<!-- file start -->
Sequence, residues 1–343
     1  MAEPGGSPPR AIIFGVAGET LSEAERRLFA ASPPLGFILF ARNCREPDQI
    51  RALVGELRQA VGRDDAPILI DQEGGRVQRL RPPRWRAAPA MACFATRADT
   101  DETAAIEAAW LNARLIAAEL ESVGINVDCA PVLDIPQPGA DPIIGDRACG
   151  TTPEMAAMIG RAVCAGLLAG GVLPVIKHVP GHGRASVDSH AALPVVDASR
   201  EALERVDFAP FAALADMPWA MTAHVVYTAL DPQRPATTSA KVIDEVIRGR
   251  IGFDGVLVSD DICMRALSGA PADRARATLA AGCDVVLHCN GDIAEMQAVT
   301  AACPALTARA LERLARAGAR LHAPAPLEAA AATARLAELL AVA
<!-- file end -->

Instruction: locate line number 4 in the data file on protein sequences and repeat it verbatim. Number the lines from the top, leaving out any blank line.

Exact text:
   101  DETAAIEAAW LNARLIAAEL ESVGINVDCA PVLDIPQPGA DPIIGDRACG